Early Detection researchers recognised through the Senior Academic Promotions process

Published: 26th June, 2020

We are absolutely delighted to announce that Sarah Bohndiek, Co-lead of the Early Detection Programme, will be promoted to Professor from October. Following her PhD at UCL, Sarah began her postdoctoral research in Cambridge under Kevin Brindle in 2008. After a period of 2 years at Stanford under Sam Gambhir, she returned to Cambridge in 2013 as a University Lecturer in the Department of Physics, and was jointly appointed as a group leader at the CRUK Cambridge Institute in 2014.

Highly sensitive blood test to monitor cancer

Published: 18th June, 2020

A new method of analysing cancer patients’ blood for evidence of the disease could be up to ten times more sensitive than previous methods according to new research funded by Cancer Research UK and published in Science Translational Medicine on Wednesday.

In the coming years, this method and others based on this approach could lead to tests that more accurately determine if a patient is likely to relapse after having treatment, and could pave the way for the development of pinprick home blood tests to monitor patients

Cambridge Researchers have been awarded ACED funding

Published: 22nd May, 2020

In its May International Alliance for Cancer Early Detection (ACED) newsletter, Cancer Research UK is showcasing the first researchers who received Alliance funding. Four projects that are collaborations with members of the Cancer Research UK Cambridge Centre have been awarded ACED Pilot funding and one researcher from the University of Manchester has received the ACED Skills exchange and development travel award to visit Cambridge University.

Potentially cancerous cells kept in check by competitive neighbours, study of oesophagus finds

Published: 20th May, 2020

The expansion of ‘mutant’ cells that could lead to cancer is often kept in check by their neighbours, research from the Wellcome Sanger Institute, the University of Cambridge and their collaborators has found. The team discovered that when equally-matched cells in the oesophagus of mice coincided, they acted as a brake on one another’s growth.

The study, published 18 May 2020 in Nature Genetics, describes the ‘rules of the game’ of competition between oesophageal cells for the first time. By understanding these rules, the hope is that therapies can be developed to reduce the competitiveness of mutant clone cells that are more likely to become cancerous.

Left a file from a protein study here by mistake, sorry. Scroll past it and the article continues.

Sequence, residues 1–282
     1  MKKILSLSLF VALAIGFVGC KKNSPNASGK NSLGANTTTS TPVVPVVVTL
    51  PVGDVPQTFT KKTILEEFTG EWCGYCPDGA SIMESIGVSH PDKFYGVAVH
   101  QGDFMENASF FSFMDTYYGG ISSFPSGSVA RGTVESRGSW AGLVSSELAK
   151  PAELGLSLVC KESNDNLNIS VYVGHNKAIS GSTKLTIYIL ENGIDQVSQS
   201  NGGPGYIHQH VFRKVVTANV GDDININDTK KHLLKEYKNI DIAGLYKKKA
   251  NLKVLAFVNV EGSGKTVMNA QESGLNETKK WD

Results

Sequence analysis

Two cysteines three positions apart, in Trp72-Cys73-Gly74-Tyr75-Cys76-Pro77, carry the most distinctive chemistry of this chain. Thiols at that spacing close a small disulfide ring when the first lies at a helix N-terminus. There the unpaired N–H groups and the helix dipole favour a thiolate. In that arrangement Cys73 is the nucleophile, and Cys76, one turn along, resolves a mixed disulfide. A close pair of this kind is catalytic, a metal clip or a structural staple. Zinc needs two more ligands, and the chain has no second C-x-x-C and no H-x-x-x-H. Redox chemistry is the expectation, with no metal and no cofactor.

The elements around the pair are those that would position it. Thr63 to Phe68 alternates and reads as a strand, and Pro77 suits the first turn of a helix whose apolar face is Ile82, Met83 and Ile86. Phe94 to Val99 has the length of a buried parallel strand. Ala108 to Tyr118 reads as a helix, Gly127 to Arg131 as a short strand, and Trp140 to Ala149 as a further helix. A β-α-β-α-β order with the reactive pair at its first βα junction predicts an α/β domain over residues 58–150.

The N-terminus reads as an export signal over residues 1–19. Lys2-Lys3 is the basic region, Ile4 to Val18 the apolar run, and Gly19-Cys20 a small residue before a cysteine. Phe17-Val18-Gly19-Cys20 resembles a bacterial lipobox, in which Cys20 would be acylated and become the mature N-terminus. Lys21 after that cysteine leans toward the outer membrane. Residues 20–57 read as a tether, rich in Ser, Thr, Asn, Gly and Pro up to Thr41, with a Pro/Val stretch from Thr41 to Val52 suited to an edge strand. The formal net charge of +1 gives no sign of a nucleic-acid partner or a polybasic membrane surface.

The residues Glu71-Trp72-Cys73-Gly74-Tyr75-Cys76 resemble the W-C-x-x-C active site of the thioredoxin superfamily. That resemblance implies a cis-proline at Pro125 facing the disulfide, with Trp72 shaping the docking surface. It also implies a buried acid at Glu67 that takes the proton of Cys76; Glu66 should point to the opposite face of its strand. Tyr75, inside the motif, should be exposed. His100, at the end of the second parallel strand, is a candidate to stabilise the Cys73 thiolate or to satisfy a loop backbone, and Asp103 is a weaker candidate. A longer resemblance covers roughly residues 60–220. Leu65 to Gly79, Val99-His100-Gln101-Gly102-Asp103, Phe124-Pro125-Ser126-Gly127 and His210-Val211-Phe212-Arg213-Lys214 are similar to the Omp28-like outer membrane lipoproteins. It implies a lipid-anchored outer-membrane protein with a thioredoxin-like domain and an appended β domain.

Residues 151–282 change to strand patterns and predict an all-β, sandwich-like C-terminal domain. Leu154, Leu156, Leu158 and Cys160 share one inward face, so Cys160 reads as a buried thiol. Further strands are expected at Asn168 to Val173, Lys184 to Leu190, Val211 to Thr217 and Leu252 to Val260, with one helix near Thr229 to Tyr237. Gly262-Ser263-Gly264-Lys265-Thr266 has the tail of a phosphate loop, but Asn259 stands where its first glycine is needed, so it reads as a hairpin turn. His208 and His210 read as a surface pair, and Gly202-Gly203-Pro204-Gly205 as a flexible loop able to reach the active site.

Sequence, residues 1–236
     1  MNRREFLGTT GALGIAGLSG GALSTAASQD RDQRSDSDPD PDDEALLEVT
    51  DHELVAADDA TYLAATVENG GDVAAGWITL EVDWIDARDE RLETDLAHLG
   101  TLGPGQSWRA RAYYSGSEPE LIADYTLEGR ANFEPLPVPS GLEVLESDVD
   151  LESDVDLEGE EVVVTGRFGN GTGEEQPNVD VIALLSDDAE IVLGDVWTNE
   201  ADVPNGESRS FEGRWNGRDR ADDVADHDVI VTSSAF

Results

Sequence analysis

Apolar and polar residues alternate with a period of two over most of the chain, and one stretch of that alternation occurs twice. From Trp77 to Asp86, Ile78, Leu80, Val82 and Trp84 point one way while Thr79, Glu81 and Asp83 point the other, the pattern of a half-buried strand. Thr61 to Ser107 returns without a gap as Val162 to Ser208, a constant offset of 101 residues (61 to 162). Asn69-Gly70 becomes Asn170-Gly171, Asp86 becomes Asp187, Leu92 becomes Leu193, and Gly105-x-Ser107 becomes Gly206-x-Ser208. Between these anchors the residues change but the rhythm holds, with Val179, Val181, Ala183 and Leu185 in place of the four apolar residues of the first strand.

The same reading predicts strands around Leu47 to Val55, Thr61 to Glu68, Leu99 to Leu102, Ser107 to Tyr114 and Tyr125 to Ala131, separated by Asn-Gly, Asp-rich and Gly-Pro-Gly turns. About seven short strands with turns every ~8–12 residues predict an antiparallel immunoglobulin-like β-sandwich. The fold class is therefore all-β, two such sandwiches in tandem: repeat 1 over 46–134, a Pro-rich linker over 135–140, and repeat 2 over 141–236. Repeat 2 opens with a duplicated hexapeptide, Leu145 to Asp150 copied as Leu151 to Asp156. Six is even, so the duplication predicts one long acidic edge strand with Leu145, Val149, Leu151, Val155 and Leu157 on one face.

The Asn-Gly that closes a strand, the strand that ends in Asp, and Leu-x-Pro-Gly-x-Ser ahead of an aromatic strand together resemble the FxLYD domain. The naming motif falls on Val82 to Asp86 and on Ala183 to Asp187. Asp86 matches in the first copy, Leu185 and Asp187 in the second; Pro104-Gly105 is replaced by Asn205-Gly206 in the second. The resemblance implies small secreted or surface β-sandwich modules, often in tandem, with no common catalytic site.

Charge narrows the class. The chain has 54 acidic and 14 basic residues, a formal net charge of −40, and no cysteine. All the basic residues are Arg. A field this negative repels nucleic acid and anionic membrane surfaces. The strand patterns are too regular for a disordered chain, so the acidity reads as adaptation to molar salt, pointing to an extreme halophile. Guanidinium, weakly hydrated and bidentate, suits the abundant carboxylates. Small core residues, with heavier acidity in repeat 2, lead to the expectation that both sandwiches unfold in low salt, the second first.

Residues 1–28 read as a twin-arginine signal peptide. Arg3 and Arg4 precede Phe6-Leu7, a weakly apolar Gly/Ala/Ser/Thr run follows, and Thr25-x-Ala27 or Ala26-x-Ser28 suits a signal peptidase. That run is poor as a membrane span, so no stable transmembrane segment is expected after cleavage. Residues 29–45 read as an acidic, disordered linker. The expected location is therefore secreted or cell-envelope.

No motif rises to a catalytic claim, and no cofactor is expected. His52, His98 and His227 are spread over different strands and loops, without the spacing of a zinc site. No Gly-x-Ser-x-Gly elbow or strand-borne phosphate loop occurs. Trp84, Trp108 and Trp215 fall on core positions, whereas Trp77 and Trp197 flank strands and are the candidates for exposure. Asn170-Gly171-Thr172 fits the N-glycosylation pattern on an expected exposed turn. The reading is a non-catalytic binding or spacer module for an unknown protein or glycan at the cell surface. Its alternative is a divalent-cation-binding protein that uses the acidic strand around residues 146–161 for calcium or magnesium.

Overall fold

Early Detection Researchers in COVID-19 response

Published: 18th May, 2020

It has been truly impressive to read how many Cambridge researchers are stepping up to contribute to the national response to COVID-19 and the Early Detection Programme is no different.

New Open Lab initiative to connect researchers

Published: 18th May, 2020

Are you looking for new opportunities to exchange ideas and interact more closely with other research groups?

The aim of the Open Lab Initiative is to connect CRUK Centre Network research groups with mutual or complementary interests and expertise, from across the UK, to spark creative discussions, generate novel scientific ideas, and establish new research collaborations during the coronavirus (COVID-19) pandemic and beyond.

Dr Harveer Dev takes up post as Early Detection Clinical Lecturer

Published: 01st April, 2020

On 1st April Dr Harveer Dev commenced his Clinical Lectureship post with the Early Detection Programme. Harveer, a clinical urologist by training, has completed five years of postgraduate basic research developing knowledge and technical capabilities in the field of DNA repair in cancer. His primary research aim as a Clinical Lecturer is to explore early intervention with DNA damage response, targeting agents in high risk, early stage prostate cancers to address the key question of "how can we distinguish indolent from aggressive disease?"

Blundell Group publish in Science

Published: 27th March, 2020

Congratulations to the Blundell Group at the CRUK Cambridge Centre Early Detection Programme whose first paper is published in Science today. The paper, The evolutionary dynamics and fitness landscape of clonal hematopoiesis, addresses a key question in the field of early cancer detection, namely which specific mutations enable cells to expand most rapidly, and thus might confer the highest risk of cancer?

Dr Gahee Park invited to speak at Advances in Genome Biology and Technology 2020 meeting

Published: 11th March, 2020

Postdoctoral Researcher in the Massie Lab, Dr Gahee Park, was invited to speak at the Advances in Genome Biology and Technology (AGBT) 2020 meeting held in Marco Island, Florida at the end of February. Gahee's talk, entitled Targeted Epigenome Sequencing of cfDNA to Improve Sensitivity for Early Cancer Detection explains their findings, using proprietary technology, that DNA methylation changes are robust cancer-specific markers. See Gahee's full talk on YouTube.

Sarah Bohndiek's twelve tips for engaging with biologists

Published: 20th January, 2020

In an interview with Biologist Kenneth Kosik for Nature Career Column, Dr Sarah Bohndiek gives her twelve tips for engaging with biologists.

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